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  2. I have a confession to make, between school and starting writing short stories myself I read hardly any. Short stories were what I found myself writing for writers’ group and also for writing competitions. Then I started reading other authors’ stories. Now I always have a collection on the go on my Kindle – I like to read them while I decide what novel to read next. Our writing tutor says the good thing about short stories is you can make things happen without having to deal with the long term consequences!

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    1. Thank you, Janet. I liked the quote by your writing tutor you shared. That does make perfect sense. I read more novels than short stories too, but we are the older reading generation and we love to read. A lot of modern people don’t prioritize reading and neither do most youngsters.

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  3. I used to love reading Stephen Kings short story collections. I could read it all in one sitting and not stay up all night to see what happens. I just started writing short stories again after reading a couple of collections and enjoying it. I do think poetry and shorts fit our busy society, but I love longer novels, too. I think short stories give a writer room to experiment:) Good post and congrats on all your anthologies!

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  4. Lol, maybe I qualify as a young reader, because I find the wordiness of Dickens to be insufferable. I think he had some great ideas, but there’s a lot of what I consider ‘fluff.’

    At the same time, I think I like short story compilations because you always know that a crappy story won’t take too much longer to trudge through, and chances are always good that a compilation will have at least one nugget of gold within it. If you start a novel and are crazy like me and have to finish it, you might have several hours before you can stop reading garbage!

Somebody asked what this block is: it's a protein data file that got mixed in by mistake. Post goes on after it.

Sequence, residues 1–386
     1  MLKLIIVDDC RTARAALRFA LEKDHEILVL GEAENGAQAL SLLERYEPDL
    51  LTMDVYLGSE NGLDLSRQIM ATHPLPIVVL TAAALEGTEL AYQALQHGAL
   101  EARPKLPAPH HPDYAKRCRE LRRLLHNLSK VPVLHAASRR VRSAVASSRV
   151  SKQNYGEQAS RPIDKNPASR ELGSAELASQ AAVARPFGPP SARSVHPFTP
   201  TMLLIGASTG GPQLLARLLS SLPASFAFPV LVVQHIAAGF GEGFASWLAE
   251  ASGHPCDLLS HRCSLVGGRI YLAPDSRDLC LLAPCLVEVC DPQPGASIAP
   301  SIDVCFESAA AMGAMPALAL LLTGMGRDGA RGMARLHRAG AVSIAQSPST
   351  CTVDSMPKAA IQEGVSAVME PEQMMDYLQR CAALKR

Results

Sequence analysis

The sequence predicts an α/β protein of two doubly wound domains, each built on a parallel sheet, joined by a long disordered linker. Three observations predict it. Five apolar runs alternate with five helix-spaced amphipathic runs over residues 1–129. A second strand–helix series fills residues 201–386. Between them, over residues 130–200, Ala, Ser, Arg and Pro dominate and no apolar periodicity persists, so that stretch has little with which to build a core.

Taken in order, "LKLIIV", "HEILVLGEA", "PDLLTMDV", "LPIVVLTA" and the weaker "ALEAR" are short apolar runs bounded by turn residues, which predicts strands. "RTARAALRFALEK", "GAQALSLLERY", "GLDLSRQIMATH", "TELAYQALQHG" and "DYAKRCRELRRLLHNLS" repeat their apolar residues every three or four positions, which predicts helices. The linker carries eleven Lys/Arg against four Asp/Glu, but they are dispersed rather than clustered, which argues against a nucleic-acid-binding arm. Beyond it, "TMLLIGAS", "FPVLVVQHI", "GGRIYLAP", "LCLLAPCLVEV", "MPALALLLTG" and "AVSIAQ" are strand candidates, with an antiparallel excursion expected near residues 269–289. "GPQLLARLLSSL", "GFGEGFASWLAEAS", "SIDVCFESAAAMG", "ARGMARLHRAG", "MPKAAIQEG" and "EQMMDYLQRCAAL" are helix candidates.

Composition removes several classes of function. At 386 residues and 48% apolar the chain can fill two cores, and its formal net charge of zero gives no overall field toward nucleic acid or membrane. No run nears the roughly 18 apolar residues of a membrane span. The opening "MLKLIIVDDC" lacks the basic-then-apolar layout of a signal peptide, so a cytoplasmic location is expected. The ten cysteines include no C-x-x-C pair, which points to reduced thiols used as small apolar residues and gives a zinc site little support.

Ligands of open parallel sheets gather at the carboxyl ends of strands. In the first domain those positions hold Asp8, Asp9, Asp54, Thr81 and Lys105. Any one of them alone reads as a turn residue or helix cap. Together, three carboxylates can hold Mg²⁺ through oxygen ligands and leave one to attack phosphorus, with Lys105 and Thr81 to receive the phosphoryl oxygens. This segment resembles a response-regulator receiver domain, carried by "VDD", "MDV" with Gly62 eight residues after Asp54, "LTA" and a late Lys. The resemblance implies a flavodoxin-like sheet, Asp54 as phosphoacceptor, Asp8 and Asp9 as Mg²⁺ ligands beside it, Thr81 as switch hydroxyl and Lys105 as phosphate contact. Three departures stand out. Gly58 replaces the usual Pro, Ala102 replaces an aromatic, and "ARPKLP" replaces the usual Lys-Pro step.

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    1. Short stories are a great way of testing out new authors for the reasons you have cited. I do love Dickens but that is because I enjoy Victorian era history and his books are a marvelous source of information. I tried to read Mary Shelley’s Frankenstein recently and I just couldn’t finish it. It meandered on and on.

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  5. I don’t know about most readers, but I love a variety of short and long stories. Most of the time, I have a longer novel going. Some nights, I opt for the quick fix, and short stories are the perfect antidote.

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    1. Thanks for contributing your thoughts, Pete. I also usually have a novel and something shorter like a poetry book or short stories plus an audio book on the go at any given point in time. I think a lot of modern readers and the younger generation are different to us though. They seem to favour shorter books and short stories [or TV or ipads – smile]


  6. I don’t really care one way or another about the length of what I’m choosing to read. I’ll read short stories, I’ll read 1000+ page novels, and I’ll read things in between those lengths. All I check for is whether the title and book blurb make it seem interesting to me. If they do, I’ll read it… Even if some books take a while for me to get through.